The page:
20 June: President Poroshenko announces a 15-point peace plan and declares a week-long truce.
14 June: A violent protest outside the Russian embassy in Ukraine leads to windows being smashed and cars being overturned. Pro-Russia separatists shoot down a military plane in the east, killing 49 people.
13 June: Government troops win back the port city of Mariupol from pro-Russian separatist rebels after heavy fighting.
12 June: Ukraine says three Russian tanks have entered rebel areas in the east. Russia denies the allegations.
10 June: Petro Poroshenko, sworn in on 7 June, orders the creation of humanitarian corridors so civilians can flee areas of east Ukraine hit by conflict.
6 June: Russian President Vladimir Putin and Ukrainian President-elect Petro Poroshenko meet in France and call for a quick end to the bloodshed.
4 June: Separatist rebels take two Ukrainian military bases in the eastern region of Luhansk as fighting continues near the rebel-held town of Sloviansk.
3 June: Nato pledges to bolster its defence capabilities in response to Russian actions in Ukraine, but says it will stick to a key agreement with Moscow.May 2014
29 May: Pro-Russian rebels shoot down a military helicopter near Sloviansk, killing 14 people including a general.
26-27 May: Ukrainian army launches "anti-terrorist operation" to oust separatists occupying Donetsk airport. Combat jets, helicopters and airborne troops deployed and at least 40 separatists killed.
25 May: Ukraine holds presidential election but most polling stations in east remain closed. President-elect Petro Poroshenko vows to bring "peace to a united and free Ukraine".
22 May: Rebel attack on checkpoint in Volnovakha, east Ukraine, leaves 14 soldiers dead.
19 May: Russia's President Vladimir Putin says he has ordered troops near Ukraine's border to withdraw, but Nato says there is no sign they have pulled back.
11 May: Pro-Russian separatists in Donetsk and Luhansk declare independence after referendums which were not recognised by Kiev or the West.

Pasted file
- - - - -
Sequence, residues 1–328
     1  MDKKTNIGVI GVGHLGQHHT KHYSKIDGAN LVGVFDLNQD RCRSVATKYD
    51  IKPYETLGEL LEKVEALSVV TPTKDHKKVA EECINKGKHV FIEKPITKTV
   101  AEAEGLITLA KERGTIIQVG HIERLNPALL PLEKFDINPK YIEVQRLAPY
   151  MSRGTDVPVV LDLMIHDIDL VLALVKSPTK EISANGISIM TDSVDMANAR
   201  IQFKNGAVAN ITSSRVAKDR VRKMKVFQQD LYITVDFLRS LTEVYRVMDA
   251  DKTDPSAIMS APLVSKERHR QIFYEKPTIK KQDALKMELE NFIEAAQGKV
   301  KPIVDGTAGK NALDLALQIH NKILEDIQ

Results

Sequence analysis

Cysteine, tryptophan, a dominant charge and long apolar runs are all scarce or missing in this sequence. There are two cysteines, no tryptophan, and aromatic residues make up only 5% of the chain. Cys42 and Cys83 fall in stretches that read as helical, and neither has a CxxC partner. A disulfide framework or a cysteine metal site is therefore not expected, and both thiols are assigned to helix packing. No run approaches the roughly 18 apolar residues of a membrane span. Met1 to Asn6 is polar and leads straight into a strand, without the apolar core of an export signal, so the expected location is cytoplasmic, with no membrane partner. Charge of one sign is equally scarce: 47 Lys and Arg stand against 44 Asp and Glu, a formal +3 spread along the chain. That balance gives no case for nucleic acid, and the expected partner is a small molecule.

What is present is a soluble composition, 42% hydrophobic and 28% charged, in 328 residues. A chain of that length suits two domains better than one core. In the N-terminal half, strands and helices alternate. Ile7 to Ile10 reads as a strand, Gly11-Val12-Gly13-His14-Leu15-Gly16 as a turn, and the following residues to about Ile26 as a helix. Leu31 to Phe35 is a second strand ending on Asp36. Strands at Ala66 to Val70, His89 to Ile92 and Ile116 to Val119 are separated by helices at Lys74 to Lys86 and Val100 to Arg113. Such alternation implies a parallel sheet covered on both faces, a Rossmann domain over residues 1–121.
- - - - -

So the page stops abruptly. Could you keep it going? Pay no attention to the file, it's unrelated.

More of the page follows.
7 May: In an apparent shift in Russian policy, President Putin calls for referendums in eastern Ukraine to be postponed to encourage dialogue. He also describes Ukraine's presidential elections scheduled for 25 May as a move "in the right direction".
4 May: Pro-Russian protesters attack the police headquarters in Odessa, prompting police to release dozens of people arrested over the earlier unrest.
2 May: Clashes in the Black Sea city of Odessa leave at least 42 people dead, most of them pro-Russian activists killed when a building they had barricaded themselves inside caught fire.
1 May: Acting President Olexander Turchynov reinstates conscription, warning Ukraine is on "full combat alert". Pro-Russians take over the regional prosecutor's office in eastern Donetsk.April 2014
22 April: Ukraine's acting president orders the relaunch of military operations against pro-Russian militants in the east after two men, one a local politician, are found "tortured to death" in Donetsk region.
20-21 April: The shooting of three people manning a pro-Russian checkpoint near Sloviansk outrages Russia, which blames it on Ukrainian nationalists. Kiev releases photos as "proof" of Russian soldiers operating in eastern Ukraine - what the photos say.
17 April: Russia, Ukraine, the US and the EU say they have agreed at talks in Geneva on steps to "de-escalate" the crisis in eastern Ukraine. Three people are killed when Ukrainian security forces fend off a raid on a base in Mariupol.
16 April: The "anti-terrorist" operation quickly stalls: pro-Russian militants in eastern Ukraine seize six armoured vehicles after they are blockaded by civilians and gunmen in the town of Kramatorsk. There is also an angry confrontation between civilians and soldiers in a village nearby.
15 April: Ukraine's acting President, Olexander Turchynov, announces the start of an "anti-terrorist operation" against pro-Russian separatists.
12 April: In eastern Ukraine, occupations of official buildings by pro-Russian protesters and militants multiply.
11 April: Ukraine's Interim Prime Minister Arseniy Yatsenyuk offers to devolve more powers to the eastern regions, as pro-Russia occupations in Donetsk and Luhansk continue.
7 April: Protesters occupy government buildings in the east Ukrainian cities of Donetsk, Luhansk and Kharkiv, calling for a referendum on independence. Ukrainian authorities regain control of Kharkiv government buildings the next day.March 2014